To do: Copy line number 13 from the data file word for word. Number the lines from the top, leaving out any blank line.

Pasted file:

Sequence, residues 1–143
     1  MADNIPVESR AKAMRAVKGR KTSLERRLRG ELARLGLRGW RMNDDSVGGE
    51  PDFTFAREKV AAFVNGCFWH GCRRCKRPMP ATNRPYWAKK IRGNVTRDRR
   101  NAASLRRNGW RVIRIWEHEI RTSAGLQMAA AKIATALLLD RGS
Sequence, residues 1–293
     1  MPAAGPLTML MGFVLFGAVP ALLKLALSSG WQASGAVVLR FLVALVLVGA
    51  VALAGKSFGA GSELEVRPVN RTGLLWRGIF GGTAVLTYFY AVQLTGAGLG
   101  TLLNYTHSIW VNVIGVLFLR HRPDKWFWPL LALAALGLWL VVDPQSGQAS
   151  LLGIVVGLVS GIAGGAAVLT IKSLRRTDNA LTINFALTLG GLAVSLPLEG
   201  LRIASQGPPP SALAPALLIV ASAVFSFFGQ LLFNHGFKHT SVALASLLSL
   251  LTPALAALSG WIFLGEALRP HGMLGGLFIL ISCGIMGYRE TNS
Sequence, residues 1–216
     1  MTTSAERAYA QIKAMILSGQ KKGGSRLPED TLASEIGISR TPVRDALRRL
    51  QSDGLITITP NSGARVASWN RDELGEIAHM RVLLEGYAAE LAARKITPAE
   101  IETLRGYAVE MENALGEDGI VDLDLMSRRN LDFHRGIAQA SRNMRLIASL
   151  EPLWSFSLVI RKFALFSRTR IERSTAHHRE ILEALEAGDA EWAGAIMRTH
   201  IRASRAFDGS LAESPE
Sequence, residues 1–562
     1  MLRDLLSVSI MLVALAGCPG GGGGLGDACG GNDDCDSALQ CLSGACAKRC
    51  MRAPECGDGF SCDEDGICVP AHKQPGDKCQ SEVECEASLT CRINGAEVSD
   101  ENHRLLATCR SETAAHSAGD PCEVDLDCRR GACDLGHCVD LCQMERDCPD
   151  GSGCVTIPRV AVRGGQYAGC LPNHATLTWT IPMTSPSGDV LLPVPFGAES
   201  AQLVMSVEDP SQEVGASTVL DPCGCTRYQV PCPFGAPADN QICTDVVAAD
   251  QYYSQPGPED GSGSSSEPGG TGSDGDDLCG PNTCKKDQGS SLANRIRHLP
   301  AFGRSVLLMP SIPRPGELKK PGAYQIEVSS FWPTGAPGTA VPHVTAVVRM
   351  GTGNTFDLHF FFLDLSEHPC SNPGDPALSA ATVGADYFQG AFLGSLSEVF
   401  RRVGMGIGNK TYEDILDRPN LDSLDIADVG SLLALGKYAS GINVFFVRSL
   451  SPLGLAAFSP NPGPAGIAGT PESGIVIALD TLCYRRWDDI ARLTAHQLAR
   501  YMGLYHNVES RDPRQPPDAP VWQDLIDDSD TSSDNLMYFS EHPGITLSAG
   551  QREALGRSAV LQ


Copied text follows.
     1  MTTSAERAYA QIKAMILSGQ KKGGSRLPED TLASEIGISR TPVRDALRRL